Drawing is hazardous. There is no instant clarity. Drawing forces you to think again, and again. Drawings cannot be finished. Pens, pencils and paper are the primary building materials; sketches are the first intimations of the tense physicality and potential of architecture, and the effect that even the smallest detail may have.
Drawings are marks on what the art historian, John Berger, describes as the “eddies of time”. And he adds: “When the intensity of looking reaches a certain degree, one becomes aware of an equally intense energy coming towards one . . . the encounter of these two energies, their dialogue, does not have the form of a question and answer. It is a ferocious and articulate dialogue.”
To draw in a fertile way is to imagine and substantiate one kind of form, and then realise that you are creating something different and self-challenging. Unlike a CGI, a properly exploratory drawing made by hand can never exude the aura of a virtually completed architectural product.
Deanna Petherbridge, author of The Primacy of Drawing, writes: “One of the purposes of drawing should be to challenge the philosophical and artistic tedium of the readymade. In a sea of tired, second-hand and endlessly recycled images, the indigestible dross that has passed many times through the body politic only to resurface again and again in the sewers of cyberspace, the drawn image that springs from the visual imagination of the individual is infinitely more potent and subversive.”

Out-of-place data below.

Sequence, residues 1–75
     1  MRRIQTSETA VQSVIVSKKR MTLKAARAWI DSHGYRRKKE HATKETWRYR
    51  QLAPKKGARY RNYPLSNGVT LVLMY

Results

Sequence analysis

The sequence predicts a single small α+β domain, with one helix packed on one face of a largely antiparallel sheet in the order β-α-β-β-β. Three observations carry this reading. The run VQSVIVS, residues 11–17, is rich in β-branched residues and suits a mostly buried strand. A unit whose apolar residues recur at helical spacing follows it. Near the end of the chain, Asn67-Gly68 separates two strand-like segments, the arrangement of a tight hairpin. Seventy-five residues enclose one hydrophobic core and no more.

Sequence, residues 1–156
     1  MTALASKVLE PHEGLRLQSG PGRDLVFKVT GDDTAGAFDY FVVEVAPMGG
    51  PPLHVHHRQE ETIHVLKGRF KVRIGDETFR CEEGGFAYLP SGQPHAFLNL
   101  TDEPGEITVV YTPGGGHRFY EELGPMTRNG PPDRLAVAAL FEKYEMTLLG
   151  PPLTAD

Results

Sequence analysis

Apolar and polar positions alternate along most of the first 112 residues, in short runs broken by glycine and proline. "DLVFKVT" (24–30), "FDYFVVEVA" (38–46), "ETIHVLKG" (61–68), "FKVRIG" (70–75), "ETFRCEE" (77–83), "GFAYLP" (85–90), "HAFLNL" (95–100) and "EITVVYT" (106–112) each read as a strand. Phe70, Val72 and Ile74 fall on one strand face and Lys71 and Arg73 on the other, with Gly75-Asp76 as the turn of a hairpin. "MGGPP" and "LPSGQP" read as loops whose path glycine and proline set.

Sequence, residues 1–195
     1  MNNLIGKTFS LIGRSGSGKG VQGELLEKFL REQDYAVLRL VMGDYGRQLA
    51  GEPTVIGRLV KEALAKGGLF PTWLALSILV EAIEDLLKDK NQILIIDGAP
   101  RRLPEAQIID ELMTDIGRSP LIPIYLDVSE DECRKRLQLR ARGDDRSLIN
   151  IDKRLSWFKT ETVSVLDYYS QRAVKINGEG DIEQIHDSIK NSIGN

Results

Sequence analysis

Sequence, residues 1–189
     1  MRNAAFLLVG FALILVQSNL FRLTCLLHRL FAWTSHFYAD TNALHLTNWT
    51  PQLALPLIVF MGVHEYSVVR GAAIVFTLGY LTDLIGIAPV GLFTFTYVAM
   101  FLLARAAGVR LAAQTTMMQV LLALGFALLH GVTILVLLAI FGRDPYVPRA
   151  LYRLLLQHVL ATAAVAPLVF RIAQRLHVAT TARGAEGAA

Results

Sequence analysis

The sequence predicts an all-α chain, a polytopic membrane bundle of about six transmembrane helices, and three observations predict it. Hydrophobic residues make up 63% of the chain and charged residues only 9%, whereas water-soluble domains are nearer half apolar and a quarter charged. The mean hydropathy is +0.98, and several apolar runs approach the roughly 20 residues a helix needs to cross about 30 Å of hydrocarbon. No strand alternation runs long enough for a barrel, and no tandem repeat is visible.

When Oscar Niemeyer finally put his felt-tip down all those years ago, he asked which of the drawings I liked best. Was this a maestro-supplicant routine? Not at all. He just wanted to find out what the sketches had made me, a stranger, think of. Drawing as democracy.
In The Hollow Men, we read: “Shape without form, shade without colour, / Paralysed force, gesture without motion.” Remind you of anything? I’m sure I heard a mouse-click.
This post forms part of our series on The Architecture Drawing Prize: an open drawing competition curated by Make, WAF and Sir John Soane’s Museum to highlight the importance of drawing in architecture. The winning and shortlisted drawings will be exhibited at Sir John Soane’s Museum 21 February – 14 April 2018.